Operation Flood & Amul India Story

Symposium on Trade Networking for Cooperatives, International Cooperative Alliance 26 July 2007 – Bali, Indonesia

Empowering the Milk Producer
Amul is owned by farmers – the milk producers Amul symbolises faith in the Co-operative system which places the instruments of development in the hands of farmers Amul is the brand of 2.6 million milk producers of Gujarat Annual Turnover – Rs. 5500 crores (US $ 1.25 billion)

Dairying occupation of women mainly Dairying provide women with means of sustenance Enables them to make most household expenditures without having to ask husbands for money Saves small amounts for emergencies Lead role played by all women dairy societies

Beyond a Brand
But Amul is much more than a brand A vehicle for economic and social transformation Amul signifies our farmers’ determination to manage their own resources Amul has a glorious tradition and legacy of more than 60 years

The Genesis It all began when milk became a symbol of protest Inspired by the freedom movement Guidance from Sardar Vallabhbhai Patel and Morarji Desai Implemented by local committed and selfless farmer leaders like Tribhuvandas Patel Founded in 1946 to stop the exploitation of milk producers at the hands of middlemen .

Registered on December 14.The Birth of Amul A humble beginning with 2 village societies and 247 litres of milk. 1946. Became role model for Co-operative Dairy development . as the Kaira District Co-operative Milk Producers’ Union Ltd...

The Turning Point Visit of Prime Minister Lal Bahadur Shastri in 1964 Impressed by the Amul Model. the National Dairy Development Board was set up in 1965 to replicate the Amul Model across the country . he wanted to “transplant the spirit of Anand (Amul)” to other places At his instance.

The Amul Model Establishment of a direct linkage between milk producers and consumers by eliminating middlemen Milk Producers (farmers) control procurement. Fed. Union Vill. Milk Co-op. Milk Mktg. processing and marketing Professional management The Consumer State Co-op. Dairy Co-op. Milk Producer . Dist.

The Village Dairy Co-op. Society Voluntary Association of Milk Producers Any one owning Cow/Buffalo can become member One member – One Vote Managing Committee elected by members who elect Chairman Managing Committee hires employees Milk Collection. sale of cattle feed – key tasks Payment to milk producers on the basis of quality and quantity . testing for milk fat.

semen banks and cattle feed distribution to village dairy co-op. societies – major activities Chairpersons of village societies elect Board of Directors Board of Directors elect the Chairman of the District Union Union managed by professional team headed by Managing Director . health clinics.The District Union Primary Milk Producers Societies affiliated to a District Union Owns and operates a feeder/balancing dairy plant Fixing milk prices for village co-operatives a key task Processing milk/milk products and managing macro-level inputs like vet.

Quality Control and Purchases Efficient Pooling of Milk Chairmen of Milk Unions are Board Members Board Members elect Chairman of Federation CEO is a Professional The State Federation .Federal Body at the state level – Apex body of District Cooperative Milk Unions Marketing of Milk/Milk Products of Member Unions – key task Common branding Centralised marketing.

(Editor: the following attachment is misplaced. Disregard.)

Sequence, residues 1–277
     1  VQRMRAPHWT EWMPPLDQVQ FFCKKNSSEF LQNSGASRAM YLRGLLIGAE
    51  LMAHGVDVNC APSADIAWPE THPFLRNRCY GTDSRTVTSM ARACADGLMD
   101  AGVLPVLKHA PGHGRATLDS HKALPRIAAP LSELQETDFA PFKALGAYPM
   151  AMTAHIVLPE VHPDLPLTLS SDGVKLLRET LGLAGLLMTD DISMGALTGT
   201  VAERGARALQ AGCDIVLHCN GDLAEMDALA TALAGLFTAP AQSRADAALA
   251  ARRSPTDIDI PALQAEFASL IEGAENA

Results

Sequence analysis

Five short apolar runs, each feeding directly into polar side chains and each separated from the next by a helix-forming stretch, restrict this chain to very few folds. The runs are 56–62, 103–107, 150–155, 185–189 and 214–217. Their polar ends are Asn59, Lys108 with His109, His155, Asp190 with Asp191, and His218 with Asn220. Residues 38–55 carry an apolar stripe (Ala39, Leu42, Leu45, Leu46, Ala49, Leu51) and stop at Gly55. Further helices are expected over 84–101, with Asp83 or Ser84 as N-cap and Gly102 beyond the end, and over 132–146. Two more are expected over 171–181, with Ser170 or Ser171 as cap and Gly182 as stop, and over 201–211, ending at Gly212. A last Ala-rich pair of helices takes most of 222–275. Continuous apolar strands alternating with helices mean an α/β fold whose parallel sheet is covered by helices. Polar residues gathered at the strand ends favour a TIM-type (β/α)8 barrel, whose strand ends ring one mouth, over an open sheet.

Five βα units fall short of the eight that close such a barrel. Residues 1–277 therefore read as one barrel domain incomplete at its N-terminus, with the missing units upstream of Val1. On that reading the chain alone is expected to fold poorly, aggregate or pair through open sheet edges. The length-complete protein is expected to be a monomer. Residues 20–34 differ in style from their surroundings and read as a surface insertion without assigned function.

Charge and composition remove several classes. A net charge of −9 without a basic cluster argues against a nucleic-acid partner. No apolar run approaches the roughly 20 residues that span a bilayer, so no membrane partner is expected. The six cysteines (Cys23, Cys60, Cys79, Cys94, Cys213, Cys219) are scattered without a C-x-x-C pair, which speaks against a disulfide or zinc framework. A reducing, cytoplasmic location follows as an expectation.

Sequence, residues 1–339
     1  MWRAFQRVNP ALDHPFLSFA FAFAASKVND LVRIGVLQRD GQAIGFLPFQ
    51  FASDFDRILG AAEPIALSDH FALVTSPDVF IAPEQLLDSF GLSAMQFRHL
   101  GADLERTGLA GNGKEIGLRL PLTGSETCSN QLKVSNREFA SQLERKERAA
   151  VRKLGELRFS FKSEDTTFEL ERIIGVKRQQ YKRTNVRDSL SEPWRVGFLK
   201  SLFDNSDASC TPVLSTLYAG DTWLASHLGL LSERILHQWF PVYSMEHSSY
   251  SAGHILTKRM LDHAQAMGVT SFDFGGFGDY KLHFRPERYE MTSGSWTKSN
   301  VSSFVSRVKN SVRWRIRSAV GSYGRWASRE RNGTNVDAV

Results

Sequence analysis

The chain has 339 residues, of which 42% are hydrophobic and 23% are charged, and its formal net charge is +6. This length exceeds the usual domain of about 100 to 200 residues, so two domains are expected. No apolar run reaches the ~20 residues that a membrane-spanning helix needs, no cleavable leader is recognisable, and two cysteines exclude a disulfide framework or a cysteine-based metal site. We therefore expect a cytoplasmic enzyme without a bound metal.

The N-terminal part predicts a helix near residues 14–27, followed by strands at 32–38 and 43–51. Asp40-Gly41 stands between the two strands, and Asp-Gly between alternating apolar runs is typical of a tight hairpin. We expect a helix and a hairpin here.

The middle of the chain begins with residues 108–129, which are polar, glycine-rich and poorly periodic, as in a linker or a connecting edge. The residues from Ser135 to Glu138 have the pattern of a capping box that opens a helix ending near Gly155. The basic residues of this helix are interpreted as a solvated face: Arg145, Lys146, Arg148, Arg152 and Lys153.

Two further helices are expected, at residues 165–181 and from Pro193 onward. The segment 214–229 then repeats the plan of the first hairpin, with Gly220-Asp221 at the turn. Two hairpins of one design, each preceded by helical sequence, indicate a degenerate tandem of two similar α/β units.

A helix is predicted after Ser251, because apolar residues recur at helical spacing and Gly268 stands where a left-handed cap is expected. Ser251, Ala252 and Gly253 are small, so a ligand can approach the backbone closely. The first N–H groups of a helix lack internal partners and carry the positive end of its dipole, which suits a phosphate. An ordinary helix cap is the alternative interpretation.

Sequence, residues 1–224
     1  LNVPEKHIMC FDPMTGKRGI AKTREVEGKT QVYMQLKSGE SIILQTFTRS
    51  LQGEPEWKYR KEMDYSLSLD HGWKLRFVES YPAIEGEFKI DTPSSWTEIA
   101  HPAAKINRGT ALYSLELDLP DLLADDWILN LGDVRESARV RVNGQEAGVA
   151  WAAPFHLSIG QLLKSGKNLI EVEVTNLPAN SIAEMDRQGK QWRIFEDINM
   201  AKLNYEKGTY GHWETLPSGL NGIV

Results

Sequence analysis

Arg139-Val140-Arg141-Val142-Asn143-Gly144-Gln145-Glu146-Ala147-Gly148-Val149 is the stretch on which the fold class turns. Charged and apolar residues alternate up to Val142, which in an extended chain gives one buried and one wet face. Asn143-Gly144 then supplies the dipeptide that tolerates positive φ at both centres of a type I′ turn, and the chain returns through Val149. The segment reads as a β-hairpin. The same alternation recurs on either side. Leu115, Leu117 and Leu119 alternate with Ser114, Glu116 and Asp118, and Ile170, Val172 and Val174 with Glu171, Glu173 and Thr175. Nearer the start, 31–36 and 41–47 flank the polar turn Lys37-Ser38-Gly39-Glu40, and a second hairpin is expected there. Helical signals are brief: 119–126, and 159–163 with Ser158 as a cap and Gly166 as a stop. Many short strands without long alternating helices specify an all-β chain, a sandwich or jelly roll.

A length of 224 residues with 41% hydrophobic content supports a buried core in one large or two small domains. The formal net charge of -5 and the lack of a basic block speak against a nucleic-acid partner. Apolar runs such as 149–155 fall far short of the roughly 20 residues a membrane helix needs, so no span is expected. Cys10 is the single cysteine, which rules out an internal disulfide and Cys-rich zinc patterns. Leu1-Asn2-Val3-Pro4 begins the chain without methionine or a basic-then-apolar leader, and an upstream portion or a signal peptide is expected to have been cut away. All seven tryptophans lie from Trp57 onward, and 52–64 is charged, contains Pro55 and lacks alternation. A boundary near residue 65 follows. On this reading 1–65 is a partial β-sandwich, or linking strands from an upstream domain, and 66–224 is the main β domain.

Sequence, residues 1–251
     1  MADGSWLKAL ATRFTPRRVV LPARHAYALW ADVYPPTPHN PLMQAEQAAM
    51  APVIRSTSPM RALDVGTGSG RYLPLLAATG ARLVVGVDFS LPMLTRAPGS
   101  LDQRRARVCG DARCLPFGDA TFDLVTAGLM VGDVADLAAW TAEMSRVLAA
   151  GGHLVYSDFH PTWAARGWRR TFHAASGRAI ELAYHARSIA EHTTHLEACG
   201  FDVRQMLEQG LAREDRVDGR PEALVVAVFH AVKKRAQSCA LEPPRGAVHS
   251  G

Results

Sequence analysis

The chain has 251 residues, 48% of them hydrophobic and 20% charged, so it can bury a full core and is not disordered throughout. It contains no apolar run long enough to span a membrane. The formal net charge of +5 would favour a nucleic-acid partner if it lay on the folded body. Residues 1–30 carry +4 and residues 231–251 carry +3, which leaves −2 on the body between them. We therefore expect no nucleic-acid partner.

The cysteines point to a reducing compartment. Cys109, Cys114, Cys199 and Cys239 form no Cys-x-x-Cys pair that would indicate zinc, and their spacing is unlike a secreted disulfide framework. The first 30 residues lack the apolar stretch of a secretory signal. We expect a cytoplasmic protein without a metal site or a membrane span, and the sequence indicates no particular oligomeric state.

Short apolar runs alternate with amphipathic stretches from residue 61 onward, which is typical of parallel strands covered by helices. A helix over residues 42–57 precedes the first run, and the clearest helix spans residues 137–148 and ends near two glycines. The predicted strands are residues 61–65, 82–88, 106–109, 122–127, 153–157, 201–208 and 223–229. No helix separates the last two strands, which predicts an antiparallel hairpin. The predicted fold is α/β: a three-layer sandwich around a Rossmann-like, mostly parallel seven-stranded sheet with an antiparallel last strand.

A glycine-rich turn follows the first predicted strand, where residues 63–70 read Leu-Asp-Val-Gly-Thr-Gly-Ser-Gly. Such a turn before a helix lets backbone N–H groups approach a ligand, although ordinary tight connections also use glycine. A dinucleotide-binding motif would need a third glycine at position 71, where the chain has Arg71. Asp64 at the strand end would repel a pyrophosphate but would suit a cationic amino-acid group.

792 Villages in Gujarat 1. & AH SERVICES 12.AMUL GCMMF in Gujarat SALES REVENUE MODEL SALES REVENUE 22 State Fedns.13.152 Villages in India 2.6 million in Gujarat 12. in India 13 District Unions in Gujarat BONUS DIVIDEND ON SHARES ADDL. PRICE DIFF. CATTLE FEED RURAL HEALTH SCHEMES 176 District Unions in India VET.6 million in India .

Amul and the Regional Avatars .

Operation Flood Launched in 1970 World’s largest Food & Development Programme Producers’ Cooperatives Central Plank Linking Dairy Development to Milk Marketing Innovative Use of Commodity aid as investment to finance dairy development Three phases – 1970 to 1996 .

1154 million Stimulated milk production in hinterland areas .I Aim to capture a commanding share of the milk market in the 4 metro cities Financed by sale of Skimmed Milk Powder and Butter Oil gifted by the EEC through the World Food Programme Gifted commodities – 1.000 tonnes of Butter Oil recombined as Liquid Milk and sold in 4 metros Sold at prevailing market prices generating Rs.Operation Flood .000 tonnes of Skimmed Milk Powder and 40.27.

000 tonnes Butter Oil and 23. viable and selfsustaining dairy industry Extended to cover 136 major milksheds linked to 386 urban consumption centres National Milk Grid formed to eliminate imbalances 5 fold increase in domestic Milk Powder production Seed capital raised from sale of gifted commodities – 242. 68.II Objective to establish modern. 1536 million .Operation Flood .000 tonnes of SMP.000 tonnes Butter Soft loan from World Bank worth Rs.

III Consolidating achievements of OF.Operation Flood . 1893 million .II Rise in Milk Production leads to significant drop in commodity aid Significant funding from internal resources obtained by recycling and reinvesting initial commodity aid World Bank Loan of Rs. 7550 million Sale of EC donated commodities yield Rs.I and OF.

I 19701981 39 13.2 842 9.6 261 2.II 19811985 136 34.6 3.8 OF . Per Day) Processing Capacity in Rural Dairies (Million Ltrs.Salient Features of Operation Flood Features Period No.8 8.9 . Per day) OF . of Milksheds covered No.7 9.6 5.8 508 5 OF .9 19.8 2.3 1. of Members (Million) Average Milk Procurement (Million Kg. of Amul Pattern DCs set up (‘000) No.5 3. Per Day) Drying Capacity ) MTS per day) Liquid Milk Marketing (Million Ltrs.III 19851996 170 72.3 10.

Operation Flood – Heralding Changes Dairying made a remunerative occupation for millions of India’s rural poor More than Rs. 20 billion . 70 billion flows back annually to nearly 12. 400 billion against a total investment of Rs.6 million members of dairy cooperatives Enormous Urban Market stimulus leads to substantial production increase Self-sufficiency in Milk Production Modernisation and expansion of dairy industry Incremental return of Rs.